The El Convento Hotel was once the Carmelite convent of the Cathedral. Today, It is a lovely hotel and restaurant across the street from the Cathedral and just up the hill from Pigeon Park.
The convent building was begun in 1646; torn down in 1854 and replaced with the current structure. This is the oldest member of the Historic Hotels of America. Very fitting as it is across from the oldest cathedral in the Americas!
The courtyard of El Convento is our favorite place to stop for lunch or a pleasant libation.(https://www.flickr.com/people/37244380@N00/ Creative Commons Attribution-Share Alike 2.0 Generic license.)
The outer patio is also pleasant.
(https://www.flickr.com/photos/jared422/ Creative Commons Attribution 2.0 Generic license.)
We will stop here on nearly every visit.
Pigeon Park (Parque de las Palomas) was originally a rampart for cannons. Today, it is mostly inhabited by pigeons. Vendors are on hand to sell dried corn.
Dried corn will, of course, attract the pigeons!!!
The walls of old San Juan are very tall and very thick (45′ at the base). These small circular sentry posts (garitas) have become a symbol of Puerto Rico.
These walls fully encircled old San Juan by 1783. It was considered one of the best fortified cities in the Caribbean. Five gates were built to access the city. The San Juan Gate faced the bay and was the ceremonial gate for dignitaries.
This is the landside of the San Juan Gate. It is the only remaining gate and leads to a walkway (El Paseo del Morro) on the waterside which accesses Castillo San Felipe del Morro (El Morro), Castillo San Cristobal, and, eventually, Paseo del Princesa.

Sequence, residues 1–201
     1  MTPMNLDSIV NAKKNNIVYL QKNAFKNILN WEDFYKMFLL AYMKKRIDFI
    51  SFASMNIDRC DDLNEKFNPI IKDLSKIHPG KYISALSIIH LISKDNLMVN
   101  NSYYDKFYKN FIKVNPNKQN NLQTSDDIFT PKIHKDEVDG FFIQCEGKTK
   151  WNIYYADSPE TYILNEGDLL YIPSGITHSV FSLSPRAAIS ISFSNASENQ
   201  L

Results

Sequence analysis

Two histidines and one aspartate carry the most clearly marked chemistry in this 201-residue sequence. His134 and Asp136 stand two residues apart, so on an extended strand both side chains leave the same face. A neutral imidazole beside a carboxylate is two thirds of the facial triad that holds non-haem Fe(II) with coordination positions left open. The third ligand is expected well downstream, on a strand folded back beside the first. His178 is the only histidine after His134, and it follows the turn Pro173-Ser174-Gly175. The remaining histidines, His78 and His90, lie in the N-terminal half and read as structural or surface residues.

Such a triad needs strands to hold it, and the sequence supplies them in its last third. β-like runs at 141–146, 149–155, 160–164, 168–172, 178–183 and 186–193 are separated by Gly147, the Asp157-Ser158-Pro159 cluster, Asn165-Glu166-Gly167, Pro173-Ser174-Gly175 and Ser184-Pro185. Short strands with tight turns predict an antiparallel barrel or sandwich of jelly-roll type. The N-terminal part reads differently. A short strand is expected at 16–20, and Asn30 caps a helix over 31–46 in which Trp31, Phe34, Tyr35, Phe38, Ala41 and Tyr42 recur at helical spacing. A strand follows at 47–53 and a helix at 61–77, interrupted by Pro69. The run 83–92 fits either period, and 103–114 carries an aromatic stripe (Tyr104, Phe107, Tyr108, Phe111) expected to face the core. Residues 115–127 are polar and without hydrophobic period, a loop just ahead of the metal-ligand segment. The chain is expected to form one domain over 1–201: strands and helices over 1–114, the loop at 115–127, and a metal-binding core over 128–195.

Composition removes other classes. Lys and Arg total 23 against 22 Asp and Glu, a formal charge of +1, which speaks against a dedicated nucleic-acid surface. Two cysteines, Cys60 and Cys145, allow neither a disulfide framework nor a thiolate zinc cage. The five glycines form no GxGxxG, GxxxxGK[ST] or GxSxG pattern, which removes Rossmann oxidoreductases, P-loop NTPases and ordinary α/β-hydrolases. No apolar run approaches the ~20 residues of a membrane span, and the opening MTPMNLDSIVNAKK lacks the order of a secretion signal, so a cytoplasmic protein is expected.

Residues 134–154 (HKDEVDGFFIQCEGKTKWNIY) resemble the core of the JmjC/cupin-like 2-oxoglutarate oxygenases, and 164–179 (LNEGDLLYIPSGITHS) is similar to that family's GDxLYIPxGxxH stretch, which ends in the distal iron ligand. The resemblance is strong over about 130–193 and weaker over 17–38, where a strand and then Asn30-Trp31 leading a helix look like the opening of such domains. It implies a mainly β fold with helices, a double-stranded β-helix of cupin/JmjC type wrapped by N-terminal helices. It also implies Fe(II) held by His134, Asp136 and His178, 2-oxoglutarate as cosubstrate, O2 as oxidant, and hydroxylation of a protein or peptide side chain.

El Morro was built between the 16th and 18th centuries upon a promontory and designed to guard the entrance to San Juan Bay from seaborne enemies. It was declared a World Heritage site by the United Nations in 1983.
Castillo San Cristabol is the largest fortification bult by the Spanish in the New World. It was completed in 1783 and covered 27 acres of land which partly encircle the city. The point was to seal-off the city behind huge double gates for security.
The Paseo de la Princesa is a lovely historic trail within the historic district. It is close to the port and serves as a starting point for a tour of the city walls.
The walkway is named for the former La Princesa Prison. Today, the historic prison building houses the Puerto Rico Tourism Company.
Plaza Darsenas is only a few blocks from the port. And this is where you’ll find La Casita de Rones. Today, it is the flagship store and tasting room for the Rums of Puerto Rico. There is a shop, restaurant, and 2 bars featuring the rums of Puerto Rico.
The Paseo de la Princesa is a lovely walk.
And be sure to see Columbus Square.
Casa Blanca was originally built as the residence for the first governor of Puerto Rico, Juan Ponce de Leon. Today, it is a museum.
Casa Blanca is San Juan’s oldest residence. But interestingly, the Ponce de Leon family never lived here!!!
La Fortaleza (The Fortress) is the official residence of the gorvrnor of Puerto Rico. Built between 1533 and 1540 as the first in a series of defensive structures. It is now the oldest executive mansion (in continuous use since 1544) in the New World.
Whew!!! After all that sightseeing, it must be time for a libation!!!
We stopped at Senor Frog’s across the street from the port for our libation…
…then crossed the street to re-board the Celebrity Millennium…
…and moved on the our next port!!!

Next, we’ll explore St. Croix in the U.S. Virgin Islands.